To facilitate an understanding of the disclosure, the remainder of the description references exemplary embodiments illustrated in the drawings. Moreover, in this application, reference is made to many blood parameters. Some references that have common shorthand designations are referenced through such shorthand designations. For example, as used herein, HbCO designates carboxyhemoglobin, HbMet designates methemoglobin, and Hbt designates total hemoglobin. Other shorthand designations such as COHb, MetHb, and tHb are also common in the art for these same constituents. These constituents are generally reported herein in terms of a percentage, often referred to as saturation, relative concentration or fractional saturation. Total hemoglobin is generally reported as a concentration in g/dL. The use of the particular shorthand designators presented in this application does not restrict the term to any particular manner in which the designated constituent is reported.
In an embodiment, the sensor interface 110 manages communication with external computing devices. For example, in an embodiment, a multipurpose sensor port (or input/output port) is capable of connecting to the sensor 106 or alternatively connecting to a computing device, such as a personal computer, a PDA, additional monitoring equipment or networks, or the like. When connected to the computing device, the processing board 104 may upload various stored data for, for example, off-line analysis and diagnosis. The stored data may comprise trend data for any one or more of the measured parameter data, plethysmograph waveform data acoustic sound waveform, or the like. Moreover, the processing board 104 may advantageously download from the computing device various upgrades or executable programs, may perform diagnosis on the hardware or software of the monitor 102. In addition, the processing board 104 may advantageously be used to view and examine patient data, including raw data, at or away from a monitoring site, through data uploads/downloads, or network connections, combinations, or the like, such as for customer support purposes including software maintenance, customer technical support, and the like. Upgradable sensor ports are disclosed in copending U.S. application Ser. No. 10/898,680, filed on Jul. 23, 2004, titled “Multipurpose Sensor Port,” incorporated by reference herein.
As shown in
The sensor 106 may comprise a reusable clip-type sensor, a disposable adhesive-type sensor, a combination sensor having reusable and disposable components, or the like. Moreover, an artisan will recognize from the disclosure herein that the sensor 106 can also comprise mechanical structures, adhesive or other tape structures, Velcro wraps or combination structures specialized for the type of patient, type of monitoring, type of monitor, or the like. In an embodiment, the sensor 106 provides data to the board 104 and vice versa through, for example, a patient cable. An artisan will also recognize from the disclosure herein that such communication can be wireless, over public or private networks or computing systems or devices, or the like.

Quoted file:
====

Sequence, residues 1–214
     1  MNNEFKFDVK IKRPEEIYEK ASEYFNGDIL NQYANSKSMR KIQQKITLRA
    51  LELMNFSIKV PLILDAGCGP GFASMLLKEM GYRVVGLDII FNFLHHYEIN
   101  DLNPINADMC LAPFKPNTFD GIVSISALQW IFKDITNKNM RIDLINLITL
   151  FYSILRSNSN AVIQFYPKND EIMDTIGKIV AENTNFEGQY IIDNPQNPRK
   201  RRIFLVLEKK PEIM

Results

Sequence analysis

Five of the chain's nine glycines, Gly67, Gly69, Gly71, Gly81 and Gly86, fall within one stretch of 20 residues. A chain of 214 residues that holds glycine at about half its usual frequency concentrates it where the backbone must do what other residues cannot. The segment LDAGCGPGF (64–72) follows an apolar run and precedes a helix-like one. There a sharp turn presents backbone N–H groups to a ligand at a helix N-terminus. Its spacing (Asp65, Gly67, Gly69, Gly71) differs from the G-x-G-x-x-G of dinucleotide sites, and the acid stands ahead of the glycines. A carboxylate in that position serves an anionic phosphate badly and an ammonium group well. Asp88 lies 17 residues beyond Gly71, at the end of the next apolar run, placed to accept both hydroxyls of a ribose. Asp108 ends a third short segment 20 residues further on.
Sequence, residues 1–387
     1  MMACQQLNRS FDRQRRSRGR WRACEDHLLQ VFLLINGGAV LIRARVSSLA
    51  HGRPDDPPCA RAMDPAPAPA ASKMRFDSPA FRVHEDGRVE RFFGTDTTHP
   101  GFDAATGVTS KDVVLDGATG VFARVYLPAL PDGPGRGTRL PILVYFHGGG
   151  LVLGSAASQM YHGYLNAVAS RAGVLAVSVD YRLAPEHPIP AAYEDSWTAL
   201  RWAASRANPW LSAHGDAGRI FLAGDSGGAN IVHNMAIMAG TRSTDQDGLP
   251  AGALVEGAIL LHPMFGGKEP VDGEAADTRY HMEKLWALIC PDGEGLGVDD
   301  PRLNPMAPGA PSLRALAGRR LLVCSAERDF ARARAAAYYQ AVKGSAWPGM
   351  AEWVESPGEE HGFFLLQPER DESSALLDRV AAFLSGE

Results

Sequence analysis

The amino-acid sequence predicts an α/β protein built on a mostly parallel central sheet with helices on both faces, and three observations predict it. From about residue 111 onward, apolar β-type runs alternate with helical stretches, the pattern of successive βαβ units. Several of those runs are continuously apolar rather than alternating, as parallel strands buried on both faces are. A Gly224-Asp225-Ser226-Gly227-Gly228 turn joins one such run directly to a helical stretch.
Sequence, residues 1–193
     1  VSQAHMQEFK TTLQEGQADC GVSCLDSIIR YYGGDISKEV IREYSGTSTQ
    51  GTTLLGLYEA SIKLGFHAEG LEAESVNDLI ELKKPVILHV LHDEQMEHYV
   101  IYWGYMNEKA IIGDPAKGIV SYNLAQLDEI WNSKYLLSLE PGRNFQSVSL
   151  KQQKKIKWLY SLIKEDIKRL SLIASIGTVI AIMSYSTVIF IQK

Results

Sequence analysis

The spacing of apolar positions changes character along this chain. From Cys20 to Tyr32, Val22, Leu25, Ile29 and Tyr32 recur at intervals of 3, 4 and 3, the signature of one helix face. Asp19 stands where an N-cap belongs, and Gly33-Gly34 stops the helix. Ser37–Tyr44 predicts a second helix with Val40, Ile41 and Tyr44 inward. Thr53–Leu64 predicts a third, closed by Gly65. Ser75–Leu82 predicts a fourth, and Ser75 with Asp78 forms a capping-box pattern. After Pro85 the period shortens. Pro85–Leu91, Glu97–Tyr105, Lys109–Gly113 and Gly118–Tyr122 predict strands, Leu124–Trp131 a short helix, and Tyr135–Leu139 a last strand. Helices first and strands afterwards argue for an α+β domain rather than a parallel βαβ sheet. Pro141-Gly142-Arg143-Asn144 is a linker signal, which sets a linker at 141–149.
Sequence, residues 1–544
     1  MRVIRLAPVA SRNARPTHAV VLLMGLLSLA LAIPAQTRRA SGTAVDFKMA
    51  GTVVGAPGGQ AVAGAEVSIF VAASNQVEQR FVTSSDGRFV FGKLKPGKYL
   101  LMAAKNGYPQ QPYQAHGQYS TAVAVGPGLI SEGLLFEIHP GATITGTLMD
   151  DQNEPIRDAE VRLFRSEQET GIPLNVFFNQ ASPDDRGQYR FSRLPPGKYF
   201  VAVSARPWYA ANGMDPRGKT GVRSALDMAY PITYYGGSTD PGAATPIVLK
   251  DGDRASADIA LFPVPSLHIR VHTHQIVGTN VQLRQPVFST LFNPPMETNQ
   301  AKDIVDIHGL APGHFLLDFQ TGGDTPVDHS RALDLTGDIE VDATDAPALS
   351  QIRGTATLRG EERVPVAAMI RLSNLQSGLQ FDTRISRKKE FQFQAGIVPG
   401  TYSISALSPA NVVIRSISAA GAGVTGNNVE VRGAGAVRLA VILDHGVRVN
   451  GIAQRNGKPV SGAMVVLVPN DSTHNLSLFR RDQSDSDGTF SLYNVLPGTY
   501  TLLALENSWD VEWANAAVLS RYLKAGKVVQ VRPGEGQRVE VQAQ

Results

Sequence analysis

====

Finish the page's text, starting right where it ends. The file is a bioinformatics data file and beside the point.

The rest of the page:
As shown in
The memory 122 may advantageous store some or all of a wide variety data and information, including, for example, information on the type or operation of the sensor 106; type or identification of sensor buyer or distributor or groups of buyer or distributors, sensor manufacturer information, sensor characteristics including the number of emitting devices, the number of emission wavelengths, data relating to emission centroids, data relating to a change in emission characteristics based on varying temperature, history of the sensor temperature, current, or voltage, emitter specifications, emitter drive requirements, demodulation data, calculation mode data, the parameters for which the sensor is capable of supplying sufficient measurement data (e.g., HpCO, HpMet, HbT, or the like), calibration or parameter coefficient data, software such as scripts, executable code, or the like, sensor electronic elements, whether the sensor is a disposable, reusable, multi-site, partially reusable, partially disposable sensor, whether it is an adhesive or non-adhesive sensor, whether the sensor is a reflectance, transmittance, or transreflectance sensor, whether the sensor is a finger, hand, foot, forehead, or ear sensor, whether the sensor is a stereo sensor or a two-headed sensor, sensor life data indicating whether some or all sensor components have expired and should be replaced, encryption information, keys, indexes to keys or hash functions, or the like, monitor or algorithm upgrade instructions or data, some or all of parameter equations, information about the patient, age, sex, medications, and other information that may be useful for the accuracy or alarm settings and sensitivities, trend history, alarm history, or the like. In an embodiment, the monitor may advantageously store data on the memory device, including, for example, measured trending data for any number of parameters for any number of patients, or the like, sensor use or expiration calculations, sensor history, or the like.